Photo by Robert Zuckerman/FX
It comes from the genius minds of Ryan Murphy and Brad Fulchuck. Not the Ryan-Brad of Glee fame but the Ryan-Brad of Nip/Tuck fame. Yes, we know they are the same people, but clearly a team that can create the incredibly diverse fare at the two ends of the spectrum have some kind of split personality disorder. American Horror Story exemplifies the team at its best with dark, twisted, plots that keep you constantly guessing, peppered with a little black comic relief to give you an occasional chance to breathe.
We were thrilled to have the opportunity to talk to AHS stars Dylan McDermott (The Practice) and Connie Britton (Friday Night Lights) on a recent conference call. They discussed why they were drawn to the show, their theories on what's bringing the fans in and their own personal encounters with ghosts.
Both actors explained why they wanted to do the show as soon as Ryan and Brad approached them. Dylan stated, "I was instantly drawn to it. Hearing about the house, hearing about being a psychiatrist, hearing about this fractured relationship and family and the horror aspect, this Roman Polanski-esque vision of the show and Ryan and Brad and Connie and all the pieces were just like immediately intriguing to me. So I was so attracted to it and I hadn’t even read the script… And then when I did read the script and met with everybody, I was it was just a big yes for me."
He commented on the rumor that other people had been approached about the role before him. "I know that a lot of actors were afraid of the nudity and the sex and the violence of the show. But I was that guy running into the burning building as everybody was running out because I just thought it was a great concept for a TV show."
Connie, who in general is not a fan of watching the horror genre, remarked, "I wanted to do something that was really, really different from what I had just been doing. And so when I sat down and talked to Ryan, which was early on in the process, he basically presented it to me by saying, 'This is going to be like nothing you’ve ever done before.'"
She continued, "Not only that, but it was actually going to turn what I’d just been doing on its ear a little bit, so, going from this wonderful marriage on TV to this completely damaged marriage, to me that was interesting. And the style of it being so different and it just seemed like a great gift and a great opportunity for me."
Connie also was able to articulate why viewers, even non-horror fans like us, enjoy the show. "What is so brilliant about what Ryan and Brad do is that they have a very distinct vision that is so outside the box of anything we’ve ever seen before, and they have such a great talent for bringing that into fruition and that’s what they’ve done. And audiences, even audiences who it wasn’t their natural inclination to like a show like this — are really drawn to and really appreciate being challenged and seeing something that they’ve never seen before."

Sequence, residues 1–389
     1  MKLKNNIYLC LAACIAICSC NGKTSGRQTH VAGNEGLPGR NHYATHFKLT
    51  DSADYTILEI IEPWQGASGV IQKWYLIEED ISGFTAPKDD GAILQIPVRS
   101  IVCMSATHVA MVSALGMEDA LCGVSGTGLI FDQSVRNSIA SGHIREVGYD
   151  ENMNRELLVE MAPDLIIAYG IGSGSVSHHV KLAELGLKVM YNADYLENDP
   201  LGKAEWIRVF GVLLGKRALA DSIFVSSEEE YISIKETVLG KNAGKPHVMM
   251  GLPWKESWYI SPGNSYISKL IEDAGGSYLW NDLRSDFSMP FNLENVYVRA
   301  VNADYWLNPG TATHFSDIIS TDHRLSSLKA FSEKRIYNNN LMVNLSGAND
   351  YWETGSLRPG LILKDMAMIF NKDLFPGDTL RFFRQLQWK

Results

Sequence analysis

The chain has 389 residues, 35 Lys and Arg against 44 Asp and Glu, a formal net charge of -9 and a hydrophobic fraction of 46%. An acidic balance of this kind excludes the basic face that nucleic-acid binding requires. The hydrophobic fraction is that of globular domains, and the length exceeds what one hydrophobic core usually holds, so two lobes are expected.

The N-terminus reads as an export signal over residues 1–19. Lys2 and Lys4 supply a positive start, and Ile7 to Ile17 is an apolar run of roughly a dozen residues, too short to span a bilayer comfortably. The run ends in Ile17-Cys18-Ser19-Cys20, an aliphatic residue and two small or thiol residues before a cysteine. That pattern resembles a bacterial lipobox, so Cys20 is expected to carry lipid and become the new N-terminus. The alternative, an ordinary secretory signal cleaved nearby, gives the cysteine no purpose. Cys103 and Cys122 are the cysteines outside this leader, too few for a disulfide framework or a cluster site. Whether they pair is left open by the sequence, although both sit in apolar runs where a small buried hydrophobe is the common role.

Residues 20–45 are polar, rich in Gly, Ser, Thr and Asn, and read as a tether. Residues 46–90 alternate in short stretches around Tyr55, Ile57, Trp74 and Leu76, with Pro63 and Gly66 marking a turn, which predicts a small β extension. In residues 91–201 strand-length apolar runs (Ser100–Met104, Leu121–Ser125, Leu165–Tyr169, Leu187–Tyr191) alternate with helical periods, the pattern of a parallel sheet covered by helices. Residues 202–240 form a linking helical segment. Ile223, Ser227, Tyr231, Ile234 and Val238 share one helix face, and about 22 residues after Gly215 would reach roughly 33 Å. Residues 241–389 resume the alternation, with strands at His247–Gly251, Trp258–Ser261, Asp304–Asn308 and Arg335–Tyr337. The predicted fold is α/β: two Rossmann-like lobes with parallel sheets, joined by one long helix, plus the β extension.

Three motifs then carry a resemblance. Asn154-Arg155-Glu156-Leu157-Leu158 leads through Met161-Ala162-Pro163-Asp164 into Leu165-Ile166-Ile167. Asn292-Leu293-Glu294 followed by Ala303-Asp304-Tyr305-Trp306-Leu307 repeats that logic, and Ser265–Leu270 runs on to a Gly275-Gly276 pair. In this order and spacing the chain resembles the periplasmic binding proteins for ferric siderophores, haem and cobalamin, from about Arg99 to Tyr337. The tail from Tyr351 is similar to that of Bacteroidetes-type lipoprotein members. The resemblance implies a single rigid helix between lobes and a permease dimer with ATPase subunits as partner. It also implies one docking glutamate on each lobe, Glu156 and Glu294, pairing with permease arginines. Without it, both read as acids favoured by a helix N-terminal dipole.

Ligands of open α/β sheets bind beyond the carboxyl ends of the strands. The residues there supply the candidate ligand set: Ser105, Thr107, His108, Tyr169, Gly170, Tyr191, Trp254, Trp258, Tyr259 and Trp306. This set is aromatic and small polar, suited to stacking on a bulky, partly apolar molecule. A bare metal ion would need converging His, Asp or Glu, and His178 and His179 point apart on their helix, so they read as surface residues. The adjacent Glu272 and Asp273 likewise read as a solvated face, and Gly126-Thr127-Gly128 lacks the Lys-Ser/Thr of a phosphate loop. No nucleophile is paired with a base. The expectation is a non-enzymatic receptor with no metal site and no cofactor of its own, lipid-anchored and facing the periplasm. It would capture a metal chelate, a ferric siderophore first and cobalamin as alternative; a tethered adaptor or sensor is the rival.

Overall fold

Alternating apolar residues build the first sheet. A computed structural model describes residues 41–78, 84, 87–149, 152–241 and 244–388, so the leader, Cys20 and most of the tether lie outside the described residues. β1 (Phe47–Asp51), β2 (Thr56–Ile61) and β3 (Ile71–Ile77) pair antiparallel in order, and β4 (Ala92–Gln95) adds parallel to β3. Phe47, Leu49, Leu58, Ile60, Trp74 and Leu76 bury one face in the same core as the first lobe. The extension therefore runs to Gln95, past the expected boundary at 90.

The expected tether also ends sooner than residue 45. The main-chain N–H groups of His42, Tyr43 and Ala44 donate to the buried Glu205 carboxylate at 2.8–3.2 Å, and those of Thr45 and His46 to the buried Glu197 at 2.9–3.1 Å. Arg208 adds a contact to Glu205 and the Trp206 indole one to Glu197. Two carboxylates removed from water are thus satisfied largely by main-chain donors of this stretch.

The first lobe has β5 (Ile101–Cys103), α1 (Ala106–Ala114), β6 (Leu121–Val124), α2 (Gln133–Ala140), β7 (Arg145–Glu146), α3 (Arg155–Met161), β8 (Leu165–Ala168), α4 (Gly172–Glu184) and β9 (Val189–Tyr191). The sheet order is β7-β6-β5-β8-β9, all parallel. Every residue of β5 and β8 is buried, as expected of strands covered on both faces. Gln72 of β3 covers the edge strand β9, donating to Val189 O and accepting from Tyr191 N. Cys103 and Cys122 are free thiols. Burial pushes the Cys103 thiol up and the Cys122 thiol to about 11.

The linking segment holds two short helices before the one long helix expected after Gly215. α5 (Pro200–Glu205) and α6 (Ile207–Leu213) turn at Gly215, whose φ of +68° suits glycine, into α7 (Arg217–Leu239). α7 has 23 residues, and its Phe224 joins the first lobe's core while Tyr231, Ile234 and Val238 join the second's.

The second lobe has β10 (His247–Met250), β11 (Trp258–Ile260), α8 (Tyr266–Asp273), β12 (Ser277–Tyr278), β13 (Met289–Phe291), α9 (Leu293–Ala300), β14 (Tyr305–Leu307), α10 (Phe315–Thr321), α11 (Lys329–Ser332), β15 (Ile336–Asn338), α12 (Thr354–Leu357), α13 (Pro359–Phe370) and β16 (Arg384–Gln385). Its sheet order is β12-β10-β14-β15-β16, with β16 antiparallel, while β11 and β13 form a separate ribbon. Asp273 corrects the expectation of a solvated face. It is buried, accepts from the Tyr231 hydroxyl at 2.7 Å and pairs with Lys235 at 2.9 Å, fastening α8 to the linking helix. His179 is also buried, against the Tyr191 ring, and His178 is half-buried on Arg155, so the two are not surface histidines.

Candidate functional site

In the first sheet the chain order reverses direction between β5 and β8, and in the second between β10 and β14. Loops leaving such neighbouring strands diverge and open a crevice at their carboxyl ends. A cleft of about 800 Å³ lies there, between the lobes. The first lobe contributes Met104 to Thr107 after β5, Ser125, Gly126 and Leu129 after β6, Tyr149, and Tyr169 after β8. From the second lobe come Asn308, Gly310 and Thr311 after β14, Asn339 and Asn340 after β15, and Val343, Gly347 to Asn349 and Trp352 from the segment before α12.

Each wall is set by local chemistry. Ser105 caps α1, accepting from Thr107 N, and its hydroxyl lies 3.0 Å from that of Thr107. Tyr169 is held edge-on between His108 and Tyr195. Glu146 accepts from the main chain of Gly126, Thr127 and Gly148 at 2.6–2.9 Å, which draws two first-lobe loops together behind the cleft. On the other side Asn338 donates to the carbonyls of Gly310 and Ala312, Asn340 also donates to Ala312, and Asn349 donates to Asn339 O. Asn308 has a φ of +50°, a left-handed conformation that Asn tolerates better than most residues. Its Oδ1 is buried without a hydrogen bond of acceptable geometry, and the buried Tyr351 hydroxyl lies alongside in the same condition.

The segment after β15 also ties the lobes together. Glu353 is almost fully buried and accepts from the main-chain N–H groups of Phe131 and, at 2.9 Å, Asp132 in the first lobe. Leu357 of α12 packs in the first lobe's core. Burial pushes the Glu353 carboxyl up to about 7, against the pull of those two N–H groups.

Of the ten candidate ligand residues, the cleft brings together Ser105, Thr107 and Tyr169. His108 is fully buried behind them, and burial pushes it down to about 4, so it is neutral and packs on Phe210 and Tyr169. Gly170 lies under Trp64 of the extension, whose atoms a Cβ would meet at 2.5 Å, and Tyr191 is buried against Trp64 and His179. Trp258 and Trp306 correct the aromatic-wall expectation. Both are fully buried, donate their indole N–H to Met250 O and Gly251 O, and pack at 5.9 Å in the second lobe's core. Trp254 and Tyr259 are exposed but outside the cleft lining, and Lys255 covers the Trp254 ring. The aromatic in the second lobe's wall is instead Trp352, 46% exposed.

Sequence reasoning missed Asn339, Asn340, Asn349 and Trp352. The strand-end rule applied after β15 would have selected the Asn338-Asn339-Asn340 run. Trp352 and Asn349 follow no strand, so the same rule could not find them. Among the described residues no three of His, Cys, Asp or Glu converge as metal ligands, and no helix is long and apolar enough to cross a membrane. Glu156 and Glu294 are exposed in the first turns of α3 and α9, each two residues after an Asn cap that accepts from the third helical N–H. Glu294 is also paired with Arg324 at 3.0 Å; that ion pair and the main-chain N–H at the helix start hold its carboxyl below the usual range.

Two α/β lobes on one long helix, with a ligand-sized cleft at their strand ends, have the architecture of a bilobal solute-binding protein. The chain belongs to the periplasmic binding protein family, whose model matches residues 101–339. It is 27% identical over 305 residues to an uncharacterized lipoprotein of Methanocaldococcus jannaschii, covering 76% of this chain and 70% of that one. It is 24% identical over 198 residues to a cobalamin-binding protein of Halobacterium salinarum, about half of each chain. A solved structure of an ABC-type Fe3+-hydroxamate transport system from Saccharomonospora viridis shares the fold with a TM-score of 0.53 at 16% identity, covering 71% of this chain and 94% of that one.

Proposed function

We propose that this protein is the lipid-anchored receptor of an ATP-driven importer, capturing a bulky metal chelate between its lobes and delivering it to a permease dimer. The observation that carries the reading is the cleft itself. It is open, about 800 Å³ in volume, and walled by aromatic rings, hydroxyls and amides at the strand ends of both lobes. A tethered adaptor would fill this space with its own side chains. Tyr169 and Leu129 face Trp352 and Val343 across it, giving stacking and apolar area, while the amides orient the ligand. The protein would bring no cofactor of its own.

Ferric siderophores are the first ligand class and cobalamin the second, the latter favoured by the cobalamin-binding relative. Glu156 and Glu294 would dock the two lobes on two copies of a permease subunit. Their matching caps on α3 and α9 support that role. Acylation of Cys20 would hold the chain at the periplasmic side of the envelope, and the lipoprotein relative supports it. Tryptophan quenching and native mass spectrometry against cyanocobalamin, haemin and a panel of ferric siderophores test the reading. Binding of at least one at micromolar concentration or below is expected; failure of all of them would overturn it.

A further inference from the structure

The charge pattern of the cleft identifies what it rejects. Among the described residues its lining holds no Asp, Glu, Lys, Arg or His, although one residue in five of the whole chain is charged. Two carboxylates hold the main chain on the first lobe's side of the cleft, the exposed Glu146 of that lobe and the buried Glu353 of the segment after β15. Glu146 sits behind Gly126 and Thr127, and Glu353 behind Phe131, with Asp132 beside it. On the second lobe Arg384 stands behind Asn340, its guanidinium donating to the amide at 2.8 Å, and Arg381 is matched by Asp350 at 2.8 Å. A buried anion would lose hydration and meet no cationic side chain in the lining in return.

Dylan noted another reason why the fan base is quickly building up. "The great thing about the show is the complexity of it. Most of the time people are aiming so low on television. They’re trying to reach that common denominator, especially on network television. And when you see a show that is so ripe and rich with all these story lines and all these questions, and it’s almost like a puzzle every week, if you were trying to figure it out."
He added, "They’re trying to figure out this story, and that’s why people are intrigued by the show is that it’s not so easy to figure out. People are smart and people really want to have something to watch that’s interesting and intelligent. And this show offers that. And a lot of television just doesn’t offer that. It’s just too easy. And it’s really the complexity of the show that makes it stand out."
And while both actors admit they are both big believers in ghosts, they each divulged inexplicable encounters they have had. Dylan described a car ride in Louisiana while shooting a movie. "The headlights washed over this ghost-like figure around midnight… I don’t know if that’s specific to Louisiana or not, but I did see this. And they did see this ethereal being suddenly, and we all just didn’t say anything for two minutes. And then, we all brought it up. So that was the only time in my life that I actually saw something and felt things, but never saw anything before like that."
Connie also related a brush with the other-worldly beings in Italy, "I was staying at this really amazing, old Tuscan villa. It was my friend’s house. And I woke up in the middle of the night and heard all kinds of moving around upstairs above me and furniture moving and voices, and I thought that some plumbing must have exploded or whatever. And then I asked them about it the next day and they said, 'Oh, no, no, no. Nobody was up at night. Nothing was moving. Nothing was happening.' And then it came out that they were very aware that the house was haunted, and they told me all kinds of stories and the various ghosts that they’ve experienced while they’re there… I’ve been back several times, and I never, ever can sleep at night when I stay there."
We recommend you watch American Horror Story on a weekend afternoon with the windows open and the lights on. It airs on Wednesday nights at 10 p.m. EST/9 p.m. Central on FX.
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